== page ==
We have also learned to recognize the signs of bonking in each other. For example, when Ed starts throwing peanuts all over the place, I know he needs to eat. He knows when I start speaking incessantly about melancholic themes, I need food.
By sensitizing yourself to each other’s differences in energy flow, as well as maintaining an awareness of your partner’s physical state, you can minimize frustrations and work together as a team through a ride. You can look out for each other, suggest a short break, or maybe shove a Clif bar in the other person’s face.
Empathy for Each Other’s Position, Captain and Stoker
The stoker really has to trust the person captaining the bike, and the captain has to rely on a stoker who maintains a steady position and is responsive to the choices the captain makes.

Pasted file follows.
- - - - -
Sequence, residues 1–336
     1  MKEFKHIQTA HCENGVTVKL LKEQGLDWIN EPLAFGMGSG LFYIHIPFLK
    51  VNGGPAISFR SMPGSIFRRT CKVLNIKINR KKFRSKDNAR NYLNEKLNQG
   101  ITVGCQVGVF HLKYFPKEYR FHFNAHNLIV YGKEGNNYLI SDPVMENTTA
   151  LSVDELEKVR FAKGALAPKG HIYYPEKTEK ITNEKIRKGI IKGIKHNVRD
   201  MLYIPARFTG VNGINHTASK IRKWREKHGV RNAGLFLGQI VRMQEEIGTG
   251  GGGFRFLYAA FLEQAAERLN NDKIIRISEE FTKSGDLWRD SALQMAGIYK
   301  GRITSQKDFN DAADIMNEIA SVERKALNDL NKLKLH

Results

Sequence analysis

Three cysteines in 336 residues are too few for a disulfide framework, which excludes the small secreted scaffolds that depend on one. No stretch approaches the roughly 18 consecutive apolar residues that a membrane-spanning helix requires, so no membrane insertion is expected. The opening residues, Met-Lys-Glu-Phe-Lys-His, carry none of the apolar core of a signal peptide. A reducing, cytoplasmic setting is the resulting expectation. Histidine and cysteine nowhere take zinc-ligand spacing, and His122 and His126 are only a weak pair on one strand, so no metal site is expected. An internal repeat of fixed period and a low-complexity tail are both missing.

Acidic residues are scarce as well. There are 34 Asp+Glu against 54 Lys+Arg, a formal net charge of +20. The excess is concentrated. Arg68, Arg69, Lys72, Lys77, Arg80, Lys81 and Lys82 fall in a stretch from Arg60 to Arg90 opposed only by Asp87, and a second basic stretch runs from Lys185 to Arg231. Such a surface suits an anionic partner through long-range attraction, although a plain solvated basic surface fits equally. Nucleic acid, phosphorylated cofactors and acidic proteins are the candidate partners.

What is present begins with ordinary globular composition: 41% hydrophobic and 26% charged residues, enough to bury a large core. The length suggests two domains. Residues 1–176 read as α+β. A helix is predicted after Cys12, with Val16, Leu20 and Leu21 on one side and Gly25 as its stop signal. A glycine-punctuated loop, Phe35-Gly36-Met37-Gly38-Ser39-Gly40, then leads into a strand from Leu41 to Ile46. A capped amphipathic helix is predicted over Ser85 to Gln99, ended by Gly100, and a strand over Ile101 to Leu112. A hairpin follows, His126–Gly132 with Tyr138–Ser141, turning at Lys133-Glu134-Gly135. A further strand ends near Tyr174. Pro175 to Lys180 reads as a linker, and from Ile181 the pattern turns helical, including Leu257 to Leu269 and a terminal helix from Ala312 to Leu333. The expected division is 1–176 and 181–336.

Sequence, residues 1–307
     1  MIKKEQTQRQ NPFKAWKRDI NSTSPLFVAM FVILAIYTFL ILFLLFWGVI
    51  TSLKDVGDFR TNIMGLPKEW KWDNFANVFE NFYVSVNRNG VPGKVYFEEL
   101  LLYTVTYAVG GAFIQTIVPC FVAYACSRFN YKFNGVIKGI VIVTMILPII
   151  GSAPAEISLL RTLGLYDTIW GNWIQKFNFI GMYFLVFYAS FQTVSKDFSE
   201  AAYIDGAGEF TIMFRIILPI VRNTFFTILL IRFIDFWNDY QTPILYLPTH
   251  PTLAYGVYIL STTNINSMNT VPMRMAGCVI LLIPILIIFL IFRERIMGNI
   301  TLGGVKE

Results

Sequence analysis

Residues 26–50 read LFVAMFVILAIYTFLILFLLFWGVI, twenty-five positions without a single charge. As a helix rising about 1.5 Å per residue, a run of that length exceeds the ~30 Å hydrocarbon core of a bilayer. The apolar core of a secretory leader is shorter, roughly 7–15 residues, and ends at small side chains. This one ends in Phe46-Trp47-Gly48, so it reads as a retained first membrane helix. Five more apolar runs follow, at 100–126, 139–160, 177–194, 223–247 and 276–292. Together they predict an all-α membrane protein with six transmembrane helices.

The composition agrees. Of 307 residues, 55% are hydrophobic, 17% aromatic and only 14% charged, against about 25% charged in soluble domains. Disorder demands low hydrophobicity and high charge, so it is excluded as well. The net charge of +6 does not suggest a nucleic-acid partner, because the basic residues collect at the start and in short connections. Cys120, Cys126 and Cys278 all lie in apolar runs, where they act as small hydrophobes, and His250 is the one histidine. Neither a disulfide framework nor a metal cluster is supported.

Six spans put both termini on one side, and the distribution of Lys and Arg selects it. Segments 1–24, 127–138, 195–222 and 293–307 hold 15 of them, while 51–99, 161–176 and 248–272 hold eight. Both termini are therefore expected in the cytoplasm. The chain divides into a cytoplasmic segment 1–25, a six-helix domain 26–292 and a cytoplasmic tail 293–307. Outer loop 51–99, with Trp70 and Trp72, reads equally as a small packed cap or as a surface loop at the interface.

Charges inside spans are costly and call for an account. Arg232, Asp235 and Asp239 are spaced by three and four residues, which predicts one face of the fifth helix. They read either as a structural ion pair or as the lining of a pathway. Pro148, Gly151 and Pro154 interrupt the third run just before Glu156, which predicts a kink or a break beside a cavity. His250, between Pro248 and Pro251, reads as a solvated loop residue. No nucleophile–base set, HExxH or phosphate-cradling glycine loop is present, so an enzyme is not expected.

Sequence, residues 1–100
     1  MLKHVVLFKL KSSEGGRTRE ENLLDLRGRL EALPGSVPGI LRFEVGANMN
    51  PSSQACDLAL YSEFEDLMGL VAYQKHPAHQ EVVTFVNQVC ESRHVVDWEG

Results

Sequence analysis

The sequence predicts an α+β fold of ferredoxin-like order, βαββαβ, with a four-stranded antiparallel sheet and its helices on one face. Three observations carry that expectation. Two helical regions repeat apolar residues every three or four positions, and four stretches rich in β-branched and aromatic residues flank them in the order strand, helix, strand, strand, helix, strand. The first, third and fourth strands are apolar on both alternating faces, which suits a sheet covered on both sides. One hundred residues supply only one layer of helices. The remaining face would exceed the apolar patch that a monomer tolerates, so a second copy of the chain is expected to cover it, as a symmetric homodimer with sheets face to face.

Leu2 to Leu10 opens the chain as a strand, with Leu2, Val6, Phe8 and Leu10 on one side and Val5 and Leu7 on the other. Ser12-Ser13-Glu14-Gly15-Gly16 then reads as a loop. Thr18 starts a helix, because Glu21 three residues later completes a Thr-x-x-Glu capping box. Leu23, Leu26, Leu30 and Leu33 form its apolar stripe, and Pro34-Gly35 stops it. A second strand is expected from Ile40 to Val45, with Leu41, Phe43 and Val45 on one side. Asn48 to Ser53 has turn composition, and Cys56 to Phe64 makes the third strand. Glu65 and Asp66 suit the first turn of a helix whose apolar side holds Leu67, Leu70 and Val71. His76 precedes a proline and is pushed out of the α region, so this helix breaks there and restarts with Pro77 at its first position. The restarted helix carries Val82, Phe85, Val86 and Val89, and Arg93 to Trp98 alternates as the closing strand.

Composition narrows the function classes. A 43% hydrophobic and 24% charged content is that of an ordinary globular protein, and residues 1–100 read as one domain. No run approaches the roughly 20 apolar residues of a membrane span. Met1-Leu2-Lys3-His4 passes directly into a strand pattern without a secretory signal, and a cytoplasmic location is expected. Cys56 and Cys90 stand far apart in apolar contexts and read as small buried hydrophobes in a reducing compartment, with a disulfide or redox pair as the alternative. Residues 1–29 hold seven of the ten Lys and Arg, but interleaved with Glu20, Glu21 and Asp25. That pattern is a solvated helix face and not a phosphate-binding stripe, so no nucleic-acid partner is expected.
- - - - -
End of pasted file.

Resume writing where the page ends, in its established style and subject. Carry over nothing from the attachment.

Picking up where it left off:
The captain has the main view of the road and ultimately makes all the stopping and steering choices for the team. Since I know Ed is managing all of that up front, I make sure to keep an eagle eye on the cue sheet so we avoid missing turns or other cues, especially at night.
Since the stoker also has an increased ability to ride hands-free, tandem teams may wish to work out a system where the stoker helps with providing food to the captain. In our case, Ed has an easily accessible front bag, which allows him to eat on the bike as he needs.
I believe night riding can be challenging for stokers. When it’s dark out in a rural area, there are no lights and I cannot see in front of me. Ed blocks my view. Peripherally, I have no view, either, as it is dark outside.